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But he dances and wears a flashy coat so it’s cool? I guess?
Meanwhile, there’s Sharon Carter, last seen in Civil War, and while everyone else who was on the “legal” wrong side in that conflict got a pardon, it seems Sharon either turned it down or was completely left out of the charity. As a result, she’s done what she’s had to in order to survive, even if that means compromising the morals she once espoused.
In the years since Civil War Sharon has made a life for herself in Madripoor, slinging fine art and talking in bitter tones about the injustices of the world. If you didn’t know her you’d think she was “villain monologuing.” Even after knowing her, I feel like she was “villain monologuing.” I’m not saying she is the infamous Power Broker, but she very well might be working with him/her. I’ve watched enough TV to know when a character gets on the phone and says to an unseen other person “we have a problem” that character is not a hero.
I would say each episode of the show thus far—despite how serialized it’s been—has had a strong theme to define it. Episode one is about legacy (which Sam and Bucky both struggle with, regarding Steve and filling his shoes). Episode two is about identity (with John Walker struggling to mark his own path as the new Cap, while Sam learns about Isaiah Bradley). Episode three is about compromise (the heroes break Zemo out; Sharon is working in a world of grey in Madripoor).
Episode four is all about temptation. I can’t be the only one who thought of The Lion, The Witch, and the Wardrobe as Zemo offered the children Turkish Delight.
The theme was best represented by John Walker’s descent into villainy. I don’t know if I’m happy or sad that the new Cap proved his haters right, but that’s just how it goes sometimes. Some people can rise above negative stereotypes and first impressions, and some end up being perfectly pegged the first time you meet them. John Walker is an unstable, insecure, entitled person. He had a chance to grow into the worthiness of that shield as he lifted it over the body of a rando subordinate, working for the person who killed his partner. He could have stepped back and arrested him. Instead, he brought the hammer down and killed him. It was almost the moment at the climax of Civil War, as Steve defeated Tony in battle, raised his shield and could have taken off his head, but instead went for the incapacitating blow, ending the fight and walking away (handing over the shield too, by the way). John had his Civil War moment, his chance to lay the first stone in the monument of his legacy…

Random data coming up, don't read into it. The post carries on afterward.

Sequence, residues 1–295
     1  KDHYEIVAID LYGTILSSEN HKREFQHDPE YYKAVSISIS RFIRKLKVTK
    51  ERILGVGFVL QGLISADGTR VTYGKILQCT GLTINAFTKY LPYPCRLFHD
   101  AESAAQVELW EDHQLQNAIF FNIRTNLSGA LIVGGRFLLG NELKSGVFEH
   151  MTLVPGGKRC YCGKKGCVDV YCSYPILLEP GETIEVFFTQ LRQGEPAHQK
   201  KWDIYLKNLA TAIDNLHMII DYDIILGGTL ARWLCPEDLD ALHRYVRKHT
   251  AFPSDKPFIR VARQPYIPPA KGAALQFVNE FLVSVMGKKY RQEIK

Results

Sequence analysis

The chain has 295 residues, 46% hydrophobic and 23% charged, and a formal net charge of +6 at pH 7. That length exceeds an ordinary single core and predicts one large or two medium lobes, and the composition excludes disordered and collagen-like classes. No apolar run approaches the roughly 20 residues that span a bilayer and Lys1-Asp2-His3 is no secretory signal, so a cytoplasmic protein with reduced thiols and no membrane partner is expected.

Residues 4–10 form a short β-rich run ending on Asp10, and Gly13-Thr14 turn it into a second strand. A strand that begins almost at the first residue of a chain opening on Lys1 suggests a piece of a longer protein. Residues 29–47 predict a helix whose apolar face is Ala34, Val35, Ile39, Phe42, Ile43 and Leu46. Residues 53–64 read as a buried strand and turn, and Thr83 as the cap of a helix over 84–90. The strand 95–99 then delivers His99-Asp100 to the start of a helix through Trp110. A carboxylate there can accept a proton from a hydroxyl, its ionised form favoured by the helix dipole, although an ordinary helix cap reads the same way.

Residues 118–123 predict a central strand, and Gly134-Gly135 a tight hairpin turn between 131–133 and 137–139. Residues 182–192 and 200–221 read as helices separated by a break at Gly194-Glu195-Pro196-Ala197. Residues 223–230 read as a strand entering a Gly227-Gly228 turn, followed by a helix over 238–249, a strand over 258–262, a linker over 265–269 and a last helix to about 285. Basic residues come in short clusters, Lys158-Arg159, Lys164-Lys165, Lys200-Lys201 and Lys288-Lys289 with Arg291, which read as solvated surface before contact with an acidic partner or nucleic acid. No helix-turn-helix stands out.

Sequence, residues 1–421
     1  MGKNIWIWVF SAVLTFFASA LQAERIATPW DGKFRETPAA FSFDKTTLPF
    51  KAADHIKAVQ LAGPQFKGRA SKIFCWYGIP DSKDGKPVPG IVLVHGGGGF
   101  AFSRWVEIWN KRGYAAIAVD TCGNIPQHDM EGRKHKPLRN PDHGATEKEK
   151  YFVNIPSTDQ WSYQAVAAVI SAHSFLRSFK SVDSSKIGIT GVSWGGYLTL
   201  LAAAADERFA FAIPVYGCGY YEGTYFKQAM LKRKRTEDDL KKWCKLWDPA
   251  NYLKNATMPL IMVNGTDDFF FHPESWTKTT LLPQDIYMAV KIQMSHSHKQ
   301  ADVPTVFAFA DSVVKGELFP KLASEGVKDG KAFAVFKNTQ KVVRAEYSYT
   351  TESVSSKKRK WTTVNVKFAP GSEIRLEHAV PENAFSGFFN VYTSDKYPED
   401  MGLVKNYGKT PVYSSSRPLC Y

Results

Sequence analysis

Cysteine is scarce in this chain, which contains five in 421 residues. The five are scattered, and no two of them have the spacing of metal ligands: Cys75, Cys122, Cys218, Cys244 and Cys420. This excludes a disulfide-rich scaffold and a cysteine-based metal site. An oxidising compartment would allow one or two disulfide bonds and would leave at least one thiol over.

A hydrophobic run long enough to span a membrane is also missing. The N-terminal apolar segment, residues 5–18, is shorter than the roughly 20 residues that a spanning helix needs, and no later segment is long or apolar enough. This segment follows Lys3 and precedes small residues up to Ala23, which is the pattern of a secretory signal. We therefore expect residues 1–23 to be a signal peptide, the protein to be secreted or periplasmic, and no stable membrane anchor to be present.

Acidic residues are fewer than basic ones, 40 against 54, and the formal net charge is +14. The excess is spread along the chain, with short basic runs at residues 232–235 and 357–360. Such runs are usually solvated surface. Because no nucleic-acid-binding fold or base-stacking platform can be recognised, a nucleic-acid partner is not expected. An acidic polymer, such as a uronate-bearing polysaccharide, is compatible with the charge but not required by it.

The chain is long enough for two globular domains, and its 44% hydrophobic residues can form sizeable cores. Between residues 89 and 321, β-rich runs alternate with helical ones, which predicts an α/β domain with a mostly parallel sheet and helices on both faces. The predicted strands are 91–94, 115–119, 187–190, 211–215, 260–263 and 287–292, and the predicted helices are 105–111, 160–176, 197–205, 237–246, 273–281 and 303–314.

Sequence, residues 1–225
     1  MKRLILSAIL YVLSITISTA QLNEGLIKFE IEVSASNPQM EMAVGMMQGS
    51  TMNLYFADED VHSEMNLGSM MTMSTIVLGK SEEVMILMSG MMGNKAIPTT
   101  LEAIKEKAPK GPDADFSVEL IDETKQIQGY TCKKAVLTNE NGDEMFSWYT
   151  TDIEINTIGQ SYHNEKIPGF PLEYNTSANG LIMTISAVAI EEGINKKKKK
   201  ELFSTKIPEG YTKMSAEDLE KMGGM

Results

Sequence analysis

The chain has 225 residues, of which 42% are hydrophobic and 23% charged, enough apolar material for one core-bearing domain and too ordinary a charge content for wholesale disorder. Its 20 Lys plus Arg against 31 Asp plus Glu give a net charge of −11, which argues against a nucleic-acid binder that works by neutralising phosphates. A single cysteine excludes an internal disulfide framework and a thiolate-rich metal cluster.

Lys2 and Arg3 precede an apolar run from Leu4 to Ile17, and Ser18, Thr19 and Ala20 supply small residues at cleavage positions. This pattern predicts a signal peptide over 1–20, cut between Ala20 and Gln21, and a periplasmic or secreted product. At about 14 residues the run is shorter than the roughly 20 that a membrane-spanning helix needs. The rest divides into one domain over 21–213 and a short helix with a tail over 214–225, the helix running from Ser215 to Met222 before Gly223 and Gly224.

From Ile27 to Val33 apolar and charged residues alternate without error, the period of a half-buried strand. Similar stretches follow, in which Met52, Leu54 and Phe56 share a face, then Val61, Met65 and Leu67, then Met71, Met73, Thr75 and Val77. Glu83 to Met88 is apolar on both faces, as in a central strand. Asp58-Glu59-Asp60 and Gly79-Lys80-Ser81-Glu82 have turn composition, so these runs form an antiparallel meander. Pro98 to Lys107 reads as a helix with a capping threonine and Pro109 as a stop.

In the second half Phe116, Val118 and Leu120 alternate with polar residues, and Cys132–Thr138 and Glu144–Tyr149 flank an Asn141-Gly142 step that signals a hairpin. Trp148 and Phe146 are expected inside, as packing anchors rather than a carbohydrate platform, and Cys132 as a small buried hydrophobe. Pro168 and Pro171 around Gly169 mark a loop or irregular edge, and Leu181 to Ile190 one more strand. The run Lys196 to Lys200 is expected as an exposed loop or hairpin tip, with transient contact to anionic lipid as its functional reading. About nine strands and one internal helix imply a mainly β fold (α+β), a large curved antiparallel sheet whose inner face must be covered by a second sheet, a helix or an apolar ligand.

and he chose murder.
He was tempted with the forbidden fruit and he ate from the tree, almost certainly losing paradise in the process. We’ll see next week what the official consequences are, but one thing’s for sure, in the mind of the people who matter in the MCU, there’s no going back from what Walker did. Sam and Bucky were already cold toward him; there’s no winning them over now. I wouldn’t be surprised if old man Steve Rogers himself cameos next week to offer a sage and somber end to the troubled soldier’s career.
I didn’t even mention the other big temptation that Walker indulged in this week: Taking the super-soldier serum. These episodes are so jam-packed it’s easy to forget even big story-advancing moments like that. I didn’t even mention the Dora Milaje!
Episode ratings, if that matters to you: 9/10, 9/10, 10/10 – The final twenty minutes of episode four were an absolute tour de force, setting the stage for what will definitely be an emotionally charged, action-packed final two episodes.